Lake Wabby, Fraser Island

4.4
#4 of 11 in Nature in Fraser Island
Green-colored Lake Wabby is home to several species of native fish and freshwater turtles. You can reach the lake by a long path over Hammerstone Sandblow, a huge sand dune. The sandblow is slowly sliding into the water, and will one day cause the lake to disappear. Walking over this dune can get quite hot during the summer, so it’s a good idea to bring lots of water. Locals use bodyboards to slide off the dune into the lake, while others enjoy relaxing by the water or picnicking on the soft white sand. Do not run into the lake from the sand dune or attempt to dive from there, as many tourists get seriously hurt trying to do this every year. A visit to Lake Wabby represents just the start of the adventure when you use our Fraser Island tour itinerary builder website to plot your vacation.
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Lake Wabby Reviews
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TripAdvisor Traveler Rating 4.5
249 reviews
Google
4.6
TripAdvisor
  • Don't miss this one! We walked 2kms along an easy sandy track and then across golden sand dunes to get to the lake. The lake is full of curious catfish and is a beautiful emerald colour. No toilets at...  more »
  • Lake Wabby is only accessible on foot via a 2.5 km long path, starting point at Seventy-Five Mile Beach (note sign). The tour leads through a forest with sandy ground and can be done barefoot accordingly. But beware of roots and pieces of wood from the trees! A considerable part of the route leads uphill, which is why you start to sweat quickly despite the shadows. Only shortly before reaching the lake the forest clears and reveals the view of a large sand desert surrounded by forest. When you stand on the sandy shore and look across the greenish Lake Wabby to the opposite, wooded shore, an almost surreal picture emerges. Bathing in the lake is allowed, but we have refrained from doing so because of the unpleasant water smell. The sand desert moves across the island at around 1 m per year and will therefore cover the lake sooner or later. The place has a spiritual meaning for the local Butchulla Aboriginals and was only allowed to be visited by men, at least in the past.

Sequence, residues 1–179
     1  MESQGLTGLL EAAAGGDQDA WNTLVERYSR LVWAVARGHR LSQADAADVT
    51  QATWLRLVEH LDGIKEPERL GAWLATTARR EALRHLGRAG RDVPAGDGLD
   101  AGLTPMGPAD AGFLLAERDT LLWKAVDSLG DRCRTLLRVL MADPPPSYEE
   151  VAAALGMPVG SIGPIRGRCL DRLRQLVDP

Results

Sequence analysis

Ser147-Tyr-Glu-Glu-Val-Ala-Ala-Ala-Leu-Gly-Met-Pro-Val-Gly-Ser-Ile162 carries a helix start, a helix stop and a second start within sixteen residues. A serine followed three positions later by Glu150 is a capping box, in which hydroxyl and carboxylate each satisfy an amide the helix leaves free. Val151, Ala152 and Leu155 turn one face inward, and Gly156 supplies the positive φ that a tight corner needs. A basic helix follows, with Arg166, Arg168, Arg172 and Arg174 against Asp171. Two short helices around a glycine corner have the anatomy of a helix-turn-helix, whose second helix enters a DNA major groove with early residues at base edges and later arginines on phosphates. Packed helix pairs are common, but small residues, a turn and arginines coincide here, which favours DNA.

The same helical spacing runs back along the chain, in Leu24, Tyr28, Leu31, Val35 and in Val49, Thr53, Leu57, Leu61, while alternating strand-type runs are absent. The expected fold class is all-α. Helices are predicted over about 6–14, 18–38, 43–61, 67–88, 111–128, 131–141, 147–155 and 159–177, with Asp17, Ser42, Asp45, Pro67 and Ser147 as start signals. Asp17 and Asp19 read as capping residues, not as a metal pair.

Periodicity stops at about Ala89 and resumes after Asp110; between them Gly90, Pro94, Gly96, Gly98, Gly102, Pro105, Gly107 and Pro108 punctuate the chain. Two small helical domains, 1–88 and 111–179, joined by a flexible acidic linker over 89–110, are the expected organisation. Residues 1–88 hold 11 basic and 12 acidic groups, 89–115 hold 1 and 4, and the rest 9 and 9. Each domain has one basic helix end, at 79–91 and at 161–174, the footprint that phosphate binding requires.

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Google
  • Was a nice walk up even on a hot day. There has been sand blown away around the steps. No issues with sticks or debri on the path
  • A long walk to a beautiful lake takr your time and enjoy the experience

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